If you don’t know what happened to war poet Wilfred Owen then the title you’ve already read contained a spoiler.
Poets are often regarded as effete chaps who spend their days weeping about the futility of life, chasing clouds up mountains or capsizing in foreign lakes. However there was a period when poets came over all macho and you couldn’t stop them joining the army. Between 1914 and 1918 everywhere the British military went there was a poet versifying whilst trying to fire a rifle or put on a gas mask.
One of the most famous of these Soldier-poets was Wilfred Owen, author of poems such as Dulce et Decorum Est and Anthem for Doomed Youth. He is commemorated by a plaque in Westminster Abbey’s Poet’s Corner, but he is actually buried near the small village of Ors in Northern France.
La Maison Forestiere, Ors, where Owen spent his last night
Although it was a war of diabolical misdirection, waste and idiocy, WW1 military records are surprisingly thorough. So we know exactly where Owen spent his last nights, what his company was trying to achieve and where he died. Now in the 100th year since the start of the First World War, the long-term mayor of Ors Jacques Duminy has completed a project to honour Owen’s last hours.
A seven kilometre walking route begins at the small cellar where Owen was billeted with at least 12 other men. You can download English audio guides that tell you about every part of the route here. The brick-lined cellar is underneath the Foresters’ House and has been left as it would have been in October 1918 – except for a loudspeaker broadcasting Kenneth Branagh reading Owen’s last letter to his mother.
The house above has been altered by Turner prize nominee Simon Patterson. Outside it has been painted white and the roof redesigned as an open book. Inside it is one big double-height room, again painted white but with handwritten quotations from Owen’s poems on the walls. The lights dim and Kenneth Branagh starts up again, along with projections of the text. These force you to look upward and move around the space as the words appear high on different walls, the calm atmosphere emphasising the poetry. The room is also used for cultural events, which presumably explains the minimal intervention. You don’t really have to be a Turner prize nominee to paint a house white, lower the lighting and press play on an audio track.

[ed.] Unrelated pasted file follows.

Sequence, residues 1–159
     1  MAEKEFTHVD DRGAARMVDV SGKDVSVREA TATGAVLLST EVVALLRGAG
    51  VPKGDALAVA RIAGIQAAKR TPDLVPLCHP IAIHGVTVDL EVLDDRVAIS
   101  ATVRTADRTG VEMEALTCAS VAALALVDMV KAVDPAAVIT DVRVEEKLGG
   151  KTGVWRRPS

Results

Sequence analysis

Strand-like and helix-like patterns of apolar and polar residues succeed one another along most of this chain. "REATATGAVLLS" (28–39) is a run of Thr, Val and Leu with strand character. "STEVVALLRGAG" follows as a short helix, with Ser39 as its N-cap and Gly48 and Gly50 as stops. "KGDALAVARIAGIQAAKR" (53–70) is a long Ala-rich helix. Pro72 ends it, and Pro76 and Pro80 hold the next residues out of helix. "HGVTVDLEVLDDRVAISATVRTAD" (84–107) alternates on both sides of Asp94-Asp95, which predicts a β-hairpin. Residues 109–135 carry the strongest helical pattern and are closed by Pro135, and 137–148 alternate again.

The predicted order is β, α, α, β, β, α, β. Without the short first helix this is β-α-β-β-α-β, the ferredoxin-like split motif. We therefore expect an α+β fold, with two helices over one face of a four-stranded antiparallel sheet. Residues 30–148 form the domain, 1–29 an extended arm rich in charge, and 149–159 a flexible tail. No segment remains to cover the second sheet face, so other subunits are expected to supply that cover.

The walk follows the route that Owen would have taken on the 4th November 1918, when his regiment was ordered to cross the Canal de la Sambre-L’Oise. Now it is a pleasant stroll through the Bois-l’Eveque forest, although you need your eyes peeled for the path’s many twists and turns. There are small yellow markings on trees which show you where to go, but they are hard to spot. We went wrong almost immediately, and that was without a war on. Owen and his men made it to the canal, which was exposed to the machine-gun fire of German soldiers in a farmhouse on the other side. The route passes a typically beautifully kept British cemetery, but oddly it is not here that many of the soldiers are buried.
Just when you are expecting to reach the canal where the action took place you come to some water. It is only a narrow stream and for a moment I wondered why there was so much fuss about capturing it. Owen’s grandmother could have leapt it in a single stride. However a few metres further on is the actual canal. Rurally peaceful now, it would have been a huge undertaking to cross it under enemy fire. Commander Colonel Marshall had warned it would be very difficult, and as they tried to build a temporary bridge Owen and his men were cut down.
Owen died here, but the walking route follows the canal south-eastwards before heading to Ors’ tiny main square and the community cemetery. Here Owen and the other casualties are buried, at the far end on the right. The number of limestone gravestones makes it clear that Owen was only one of many men who gave their lives at Ors on the 4th November. As the most famous victim his story helps to bring attention to them all, their sacrifice made all the more pointless as the Armistice was signed a week later.
The walk in the footsteps of Wilfred Owen makes a surprisingly pleasant experience out of one of the many horrific events that made up WW1. Keep an eye out for the signposts but if you do get lost ask for directions to the canal. If you’re trying to get back to your car at the Foresters’ House ask for directions to the train station. From there the path is fairly obvious.
World War One saw a whole bunch of poets don the uniform of the British army. No doubt some poets donned the uniform of the German army as well, but to the victor the spoils and the posthumous royalties. [Remember to add the names of some German War poets here to try and look intelligent]
The Foresters’ House is currently open as follows:
From April 15th till November 15th…from Wednesday to Saturday……from 2pm till 6pm.
Plus on the first Sunday of the Month from 3pm to 6pm.
By car – approach from Cambrai on the D643. After Le Cateau take the first left – the D959. You will see a white house on the right by an old Camp Militaire.
The Flaneur travelled to France with MyFerryLink